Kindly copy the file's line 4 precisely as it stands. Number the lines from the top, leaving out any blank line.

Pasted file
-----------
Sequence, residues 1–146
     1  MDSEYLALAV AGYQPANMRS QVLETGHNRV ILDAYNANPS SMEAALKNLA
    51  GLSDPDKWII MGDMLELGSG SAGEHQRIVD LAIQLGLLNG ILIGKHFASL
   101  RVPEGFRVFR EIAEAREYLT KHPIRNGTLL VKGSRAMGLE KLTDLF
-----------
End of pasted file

   101  RVPEGFRVFR EIAEAREYLT KHPIRNGTLL VKGSRAMGLE KLTDLF